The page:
By introducing action cards in the 1970s, the Topps Company created a guilty pleasure for future collectors of baseball cards. A number of the early versions Topps printed in 1971, ’72, and ’73 featured multiple players on the cards, a result perhaps of photographers taking action shots from longer distances. While some collectors frown upon cards that show so many players on one card, preferring a close-up action shot of the one featured player, I love this practice of Topps.
In some cases, it creates an opportunity for sleuthing: the art of attempting to determine the identities of the “other” players on the cards. We can also try to determine the specific game during which the photograph was taken. Finally, it gives us a chance to speculate why Topps cropped the photograph the way that it did. And there’s nothing a card collector loves more than critiquing the art work and photography of a baseball card.
In some cases, trying to identify background players is difficult. The photograph might be fuzzy, or the angle of the photograph prevents us from seeing the player’s number or his facial features. In other situations, it’s easier, because we can see the player’s face, or some other trademark feature about his body or uniform. And then there are those rare occasions when we realize that the other player on the card is actually far more famous than the player who is intended to be the main subject.
A classic example can be found on the 1983 Topps card of Reggie Smith. The card shows Smith, a long-time star near the end of his career, playing first base in a game at Candlestick Park. He is holding on the runner, who just happens to be a rookie named Ryne Sandberg. No one could have known it at the time, but it would be Sandberg who would become the more famous of the two players—and eventually a member of the Hall of Fame.
Another famous example of this phenomenon can be found in the iconic 1972 Topps set. It’s card No. 48, one of the red-framed “In Action” shots that became so popular with young collectors like me. The card showcases Johnny Ellis (or John Ellis, as Topps always designated him on his cards), a catching prospect who came up with the New York Yankees in the late 1960s.
At one time, Ellis was regarded as the equal to another Yankee catching prospect, the great Thurman Munson. In fact, some scouts felt Ellis was the slightly better prospect, owing to his superior power at the plate. But Munson who soon established himself as the team’s No. 1 catcher, leaving Ellis to switch to first base and eventually settle for a role as a backup at both positions.
The 1972 In Action card shows Ellis leading off first base during a 1971 game at the original Yankee Stadium. There is clearly another player on the card, a first baseman wearing the colors of the Minnesota Twins; he is is holding the runner on despite the fact that Ellis did not often steal bases. It shouldn’t take long to realize who this other player is; little sleuthing or detective work is needed here. The player is the highly recognizable Harmon Killebrew, who was in the midst of a long stretch of productive seasons for the Twins.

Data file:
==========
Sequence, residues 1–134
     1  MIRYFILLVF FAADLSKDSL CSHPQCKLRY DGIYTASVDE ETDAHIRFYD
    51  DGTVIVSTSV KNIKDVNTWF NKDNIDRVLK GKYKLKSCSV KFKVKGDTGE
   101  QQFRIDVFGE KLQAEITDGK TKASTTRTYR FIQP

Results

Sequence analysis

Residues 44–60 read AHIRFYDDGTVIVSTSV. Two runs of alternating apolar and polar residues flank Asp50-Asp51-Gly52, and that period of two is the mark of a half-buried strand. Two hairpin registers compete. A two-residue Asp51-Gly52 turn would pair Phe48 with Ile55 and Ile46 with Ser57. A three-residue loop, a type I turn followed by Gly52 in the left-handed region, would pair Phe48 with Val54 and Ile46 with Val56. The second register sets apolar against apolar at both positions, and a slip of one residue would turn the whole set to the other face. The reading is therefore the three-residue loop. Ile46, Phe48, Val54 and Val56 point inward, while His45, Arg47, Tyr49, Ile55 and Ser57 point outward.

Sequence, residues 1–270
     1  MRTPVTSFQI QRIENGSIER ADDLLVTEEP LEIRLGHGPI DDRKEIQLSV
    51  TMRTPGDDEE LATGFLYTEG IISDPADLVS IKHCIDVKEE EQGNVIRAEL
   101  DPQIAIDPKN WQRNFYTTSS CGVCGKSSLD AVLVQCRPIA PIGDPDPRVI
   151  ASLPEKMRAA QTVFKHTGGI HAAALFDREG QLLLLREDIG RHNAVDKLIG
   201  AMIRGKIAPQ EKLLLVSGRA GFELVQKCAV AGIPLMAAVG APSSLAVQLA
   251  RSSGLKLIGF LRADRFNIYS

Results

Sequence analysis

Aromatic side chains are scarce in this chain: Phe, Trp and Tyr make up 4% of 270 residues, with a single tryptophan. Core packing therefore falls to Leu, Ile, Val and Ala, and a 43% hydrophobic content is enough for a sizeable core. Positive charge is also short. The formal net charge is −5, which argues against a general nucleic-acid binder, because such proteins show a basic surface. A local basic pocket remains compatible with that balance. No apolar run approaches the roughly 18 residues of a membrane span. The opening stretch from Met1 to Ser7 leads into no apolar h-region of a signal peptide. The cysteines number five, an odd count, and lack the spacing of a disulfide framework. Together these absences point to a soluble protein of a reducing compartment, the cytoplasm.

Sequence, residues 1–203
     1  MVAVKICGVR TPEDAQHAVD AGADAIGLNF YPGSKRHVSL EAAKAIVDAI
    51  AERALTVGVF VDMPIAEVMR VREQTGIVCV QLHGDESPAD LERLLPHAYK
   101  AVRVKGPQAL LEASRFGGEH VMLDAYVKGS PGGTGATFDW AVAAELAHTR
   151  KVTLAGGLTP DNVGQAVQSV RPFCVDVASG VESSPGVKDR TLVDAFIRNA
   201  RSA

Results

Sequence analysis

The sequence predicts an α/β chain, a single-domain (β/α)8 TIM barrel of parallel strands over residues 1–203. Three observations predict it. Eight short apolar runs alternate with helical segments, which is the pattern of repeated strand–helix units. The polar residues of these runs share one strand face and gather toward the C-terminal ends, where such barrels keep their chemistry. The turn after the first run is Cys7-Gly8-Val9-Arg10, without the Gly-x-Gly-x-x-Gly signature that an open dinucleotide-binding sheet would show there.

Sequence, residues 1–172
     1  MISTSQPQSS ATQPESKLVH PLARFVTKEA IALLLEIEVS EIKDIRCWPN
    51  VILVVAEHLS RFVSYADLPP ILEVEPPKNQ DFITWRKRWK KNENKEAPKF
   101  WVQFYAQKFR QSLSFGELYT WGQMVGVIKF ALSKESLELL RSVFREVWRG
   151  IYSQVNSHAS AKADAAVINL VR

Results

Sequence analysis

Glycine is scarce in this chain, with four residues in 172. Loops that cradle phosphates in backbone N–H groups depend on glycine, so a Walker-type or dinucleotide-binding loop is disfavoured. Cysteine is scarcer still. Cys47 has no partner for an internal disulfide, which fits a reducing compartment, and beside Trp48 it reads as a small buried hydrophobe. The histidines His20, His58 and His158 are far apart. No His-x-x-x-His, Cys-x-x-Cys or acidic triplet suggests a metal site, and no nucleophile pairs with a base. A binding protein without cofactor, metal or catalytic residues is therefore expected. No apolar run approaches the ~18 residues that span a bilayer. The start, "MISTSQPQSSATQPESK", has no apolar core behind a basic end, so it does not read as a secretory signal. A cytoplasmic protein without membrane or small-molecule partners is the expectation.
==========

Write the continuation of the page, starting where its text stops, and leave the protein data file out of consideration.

Given the way the Topps art department cropped the card, Ellis and Killebrew are given relatively equal billing. If anything, Killebrew looks like he might be the slightly more prominent player. Why not crop the card in such a way so as to make Ellis the more central figure while putting Killebrew more to the side? Was this done intentionally, or was this simply by accident or by happenstance?
I don’t have a clear-cut answer, but I do have a theory. I think Topps may have done this intentionally because of Killebrew’s status as a full-fledged star. The card’s creator may have wanted to give the All-Star first baseman the same billing as a still unproven player like Ellis.
If that’s the case, then another question comes to mind. Why didn’t Topps just make this Killebrew’s In Action card, instead of Ellis’ card? The answer to that question is far easier. Topps already had an action card for Killebrew, one that shows him in the midst of an at-bat, in which in he appears to be popping up on the infield. At a time when it still had a limited library of action photographs to choose from, Topps may have decided it could extract some extra mileage from the Ellis/Killebrew card and included it as part of its massive 1972 set. One extra action card is better than none.
Knowing Killebrew and Ellis are sharing space on the card, let’s now try to determine exactly when the photograph was taken. Assuming it is a photo from 1971, we see the Twins visited Yankee Stadium twice that season, in late April and late July. Of those six match-ups in the Bronx, we can narrow it down to two day games in which Killebrew played first base and Ellis happened to reach base. They occurred on April 24 and July 21. Which one is the right date? Unfortunately, there’s no way to narrow down the search any further. That’s about as far as we can go.
Having Killebrew on the card o creates an additional question: What does the presence of a Hall of Famer do to the value of what is otherwise a common card? The answer: virtually nothing. The card is worth roughly the same amount of money as any of the other common cards Topps issued as parts of its low-numbered series in 1972. It’s nice that Killebrew makes a cameo here, and it will always hold a special place in my collection, but it won’t enhance anyone’s bank account by any substantial amount.